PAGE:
BOOK’S #FOODIE: Styles P & Jadakiss put money in a juice spot for your health


If you have never had a healthy juice or smoothie, you do not know what you’re missing. Styles P and Jadakiss didn’t know what they were missing until things happened in their lives and discovered the health benefits of a juice made from natural ingredients. They both decided they would not only benefit others but also their community, a bit of “teach one, reach one” and they now have a juice spot called Juices For Life. It’s only in New York but with enough attention and recognition, maybe it will become a regional and eventually a national chain.

AUDIO: Peter Leo & Eitan Noyze featuring Styles P’s “So Superb”

When the words “boom bap” are used, it immediately brings to mind familiarities and comfortability. This is what Peter Leo and Eitan Noyze did when they created “So Superb”, they wanted to create that boom bap mentality and they did it nicely. They also included Styles P with them, and this is the result. You can hear more on the Energy Shift album.

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REVIEW: Jaecyn Bayne’s “Audio Therapy”

Photobucket Jaecyn Bayne is a rapper that sounds like that around the way cat that you can rely on for quality rhymes and flows, and he shows what he’s about on his album Audio Therapy. The therapy involved includes a number of rock and blues-rock instrumentals that are nice to hear in this context, as Bayne is someone who wants to go on a journey and take listeners along with him, just as the music does. Then you get into a song like “Heat Stroke” that sounds like they found the ghost of the Kashmere Stage Band, added Cut Chemist‘s beat selection into the mix, and went crazy. Then things get elevated when Keith Murray starts rhyming in “Heat Stroke” and you want to raise your hand and go “SHIT YEAH!”

It’s nice to hear an MC who is able to be musically diverse without fear, because too many want to be locked in a comfort zone and never get out of it. Jaecyn Bayne is a journeyman, welcome him into your village.

REVIEW: Pharoahe Monch “W.A.R. (We Are Renegades)”

Photobucket There was a time not too long ago when the lyrics of Pharoahe Monch was considered ahead of its time, futuristic, and yet as the music evolved into new eras, everyone loved him but so-called experts refused to rank him up there with alleged greats. Pharoahe Monch doesn’t need validation, although I’m sure there’s a bit of that ego in him which says “fuck that, of course I want that recognition” but having a hard work ethic has made him one of the best MC’s of the last 20 years. He is now making music in his third decade, how many people from back then can still sound “of the future” and “in the now” without people ever having to think of what came before?

Okay, maybe that last comment was kind of rude so let me say it differently. With quality artists, you always should acknowledge what came before, because they wouldn’t be what they are without everything that lead to it. Yet with his new album, Pharoahe still sounds like he’s speaking to people of the future, hoping for everyone to catch up someday and yet a lot of what he has been speaking about for the last 20 years is being realized today. W.A.R. (We Are Renegades) (W.A.R. Media/Duck Down) is a collection of songs that fits what some would call an audio movie. There are no interludes even though some of the tracks are as long as them. Instead, the pace of the album and how it’s programmed show how important the process of making music is for Pharoahe, as you get a sense of the horrid outlook he has on the world we live in, which maybe is a reflection of how we view ourselves. These songs are filled with metaphors and complexities that show classic Pharoahe, but by taking a deep listen to tracks like “Haile Selassie Karate”, “Let My People Go”, and “Calculated Amalgamation” you realize he has always been speaking like this, it’s just that he’s capable of looking for, exploring, and discussing new stories and ideas. This is the kind of hip-hop that seems perfect for sci-fi junkies, those who seek to use metaphors as ways to speak in code so that those easily offended will not realize they’re evil ways are being exposed. Yet you don’t have to hang out at Comicon’s or Dungeons & Dragons to understand what he’s talking about, he’s direct and to the point at times almost too direct but that’s how he cuts and soothes listeners at the same time. He knows he’s capable of saying something that will make fans go “wow, now this feels good, I sense something great here” while fans will put faith in him, knowing that he’s in control of his destiny and people admire the paths he’s willing to take.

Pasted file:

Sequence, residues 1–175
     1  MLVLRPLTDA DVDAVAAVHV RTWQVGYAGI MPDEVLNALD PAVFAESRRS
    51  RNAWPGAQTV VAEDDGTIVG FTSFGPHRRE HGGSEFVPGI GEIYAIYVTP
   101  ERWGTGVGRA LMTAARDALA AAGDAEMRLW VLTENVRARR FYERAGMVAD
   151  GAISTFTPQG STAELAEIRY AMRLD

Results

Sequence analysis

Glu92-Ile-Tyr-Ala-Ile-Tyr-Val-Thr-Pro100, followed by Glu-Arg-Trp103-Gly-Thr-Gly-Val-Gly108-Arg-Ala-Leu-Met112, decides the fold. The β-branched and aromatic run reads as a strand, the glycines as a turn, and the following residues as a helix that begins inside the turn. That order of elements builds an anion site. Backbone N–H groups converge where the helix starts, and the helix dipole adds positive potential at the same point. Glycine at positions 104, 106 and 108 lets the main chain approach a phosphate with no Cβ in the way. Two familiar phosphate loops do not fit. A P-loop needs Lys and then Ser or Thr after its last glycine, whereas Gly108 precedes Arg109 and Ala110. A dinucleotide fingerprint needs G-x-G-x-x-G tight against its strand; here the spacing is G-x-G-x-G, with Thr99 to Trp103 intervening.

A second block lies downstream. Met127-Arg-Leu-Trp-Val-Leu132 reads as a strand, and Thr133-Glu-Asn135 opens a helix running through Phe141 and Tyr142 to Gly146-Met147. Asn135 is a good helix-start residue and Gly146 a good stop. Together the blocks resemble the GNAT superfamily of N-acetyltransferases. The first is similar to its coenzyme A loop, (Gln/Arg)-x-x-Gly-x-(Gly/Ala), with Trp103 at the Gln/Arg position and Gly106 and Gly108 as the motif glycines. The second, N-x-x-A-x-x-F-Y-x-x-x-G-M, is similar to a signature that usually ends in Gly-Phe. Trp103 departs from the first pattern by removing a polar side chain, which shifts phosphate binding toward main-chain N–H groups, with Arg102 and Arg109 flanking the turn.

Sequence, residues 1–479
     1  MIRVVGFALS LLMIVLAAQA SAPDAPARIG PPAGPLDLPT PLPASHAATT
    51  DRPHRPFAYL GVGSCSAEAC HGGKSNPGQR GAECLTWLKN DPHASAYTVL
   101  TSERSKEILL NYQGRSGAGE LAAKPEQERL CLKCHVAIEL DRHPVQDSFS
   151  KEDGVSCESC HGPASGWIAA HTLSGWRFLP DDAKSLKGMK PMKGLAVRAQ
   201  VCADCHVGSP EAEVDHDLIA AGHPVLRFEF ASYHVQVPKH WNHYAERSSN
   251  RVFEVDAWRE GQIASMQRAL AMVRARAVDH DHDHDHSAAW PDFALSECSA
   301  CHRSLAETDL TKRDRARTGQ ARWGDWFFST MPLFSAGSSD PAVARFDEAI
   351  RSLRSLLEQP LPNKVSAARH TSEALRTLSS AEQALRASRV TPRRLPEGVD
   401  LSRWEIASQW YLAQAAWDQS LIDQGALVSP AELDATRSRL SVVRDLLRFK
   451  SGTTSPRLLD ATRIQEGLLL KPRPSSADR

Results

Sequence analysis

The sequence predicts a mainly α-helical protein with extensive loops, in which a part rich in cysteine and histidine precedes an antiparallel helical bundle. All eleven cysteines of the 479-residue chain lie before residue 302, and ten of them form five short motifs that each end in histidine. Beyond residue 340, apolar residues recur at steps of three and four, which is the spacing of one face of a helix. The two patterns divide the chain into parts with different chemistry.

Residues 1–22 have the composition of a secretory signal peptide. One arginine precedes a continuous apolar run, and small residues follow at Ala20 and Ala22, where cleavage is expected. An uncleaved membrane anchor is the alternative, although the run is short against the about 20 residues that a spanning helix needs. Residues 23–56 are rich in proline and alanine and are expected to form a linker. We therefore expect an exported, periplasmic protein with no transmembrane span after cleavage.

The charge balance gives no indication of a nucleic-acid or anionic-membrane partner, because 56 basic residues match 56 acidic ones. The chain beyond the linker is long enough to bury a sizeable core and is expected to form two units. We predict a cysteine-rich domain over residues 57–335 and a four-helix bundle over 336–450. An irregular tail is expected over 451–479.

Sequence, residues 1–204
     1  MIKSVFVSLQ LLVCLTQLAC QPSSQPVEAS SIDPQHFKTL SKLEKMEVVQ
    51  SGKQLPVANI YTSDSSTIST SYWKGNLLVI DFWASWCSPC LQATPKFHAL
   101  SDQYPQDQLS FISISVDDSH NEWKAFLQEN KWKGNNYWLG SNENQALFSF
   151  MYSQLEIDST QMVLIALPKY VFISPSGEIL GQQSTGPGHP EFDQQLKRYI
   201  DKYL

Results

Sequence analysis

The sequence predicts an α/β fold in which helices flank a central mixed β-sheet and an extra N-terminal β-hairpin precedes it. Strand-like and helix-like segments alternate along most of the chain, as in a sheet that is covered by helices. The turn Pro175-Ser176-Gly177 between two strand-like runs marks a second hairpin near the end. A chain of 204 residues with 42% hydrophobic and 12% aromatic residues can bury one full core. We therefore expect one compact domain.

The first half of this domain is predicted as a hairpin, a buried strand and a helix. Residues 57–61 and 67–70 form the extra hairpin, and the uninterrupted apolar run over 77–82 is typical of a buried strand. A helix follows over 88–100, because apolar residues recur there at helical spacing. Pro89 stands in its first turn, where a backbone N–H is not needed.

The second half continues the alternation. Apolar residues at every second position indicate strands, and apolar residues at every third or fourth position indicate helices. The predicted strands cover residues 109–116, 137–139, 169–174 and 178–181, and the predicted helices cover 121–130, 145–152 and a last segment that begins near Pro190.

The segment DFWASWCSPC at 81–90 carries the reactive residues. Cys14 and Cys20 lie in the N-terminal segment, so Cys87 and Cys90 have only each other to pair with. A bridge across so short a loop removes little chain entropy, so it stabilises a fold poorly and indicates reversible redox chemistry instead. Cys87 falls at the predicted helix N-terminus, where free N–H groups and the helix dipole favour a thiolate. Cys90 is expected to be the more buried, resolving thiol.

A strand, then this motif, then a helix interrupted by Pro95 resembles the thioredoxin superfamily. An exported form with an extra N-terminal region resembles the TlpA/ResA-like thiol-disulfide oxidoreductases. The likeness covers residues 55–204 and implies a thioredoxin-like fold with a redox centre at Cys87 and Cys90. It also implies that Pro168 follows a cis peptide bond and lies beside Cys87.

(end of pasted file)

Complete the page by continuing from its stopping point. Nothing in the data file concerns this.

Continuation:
In other words, W.A.R. is what The D.O.C. once called “Rhythmic American Poetry”, a/k/a the essence of R.A.P., a dialogue that isn’t just someone speaking out of his ass just because he admires the sound and smell of his own verbal farts. Pharoahe Monch is a communicator, and fortunately there are enough fans who put faith in what he does in order to keep hearing it year after year. As a hip-hop record, people need to listen to this and understand what proper programming and producing can do and sound like.

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VIDEO: Rick Ro$$ featuring Styles P’s “B.M.F. (Blowin’ Money Fast)”

http://videos.onsmash.com/e/kcY25dHpNkNJQ2c1
This is a song from Rick Ro$$‘ forthcoming album, Teflon Don, due out next week Tuesday. With some of the controversies surrounding Ro$$, I’m curious to see how fans will take to his new music. Perhaps Ro$$ himself expected some heat, the reason he named his album the way he did. In other words, whatever you throw his way, it’s not going to stick.

Or something like that.

http://rcm.amazon.com/e/cm?lt1=_blank&bc1=000000&IS2=1&bg1=FFFFFF&fc1=000000&lc1=0000FF&t=thisbosmu-20&o=1&p=8&l=as1&m=amazon&f=ifr&md=10FE9736YVPPT7A0FBG2&asins=B003IMES78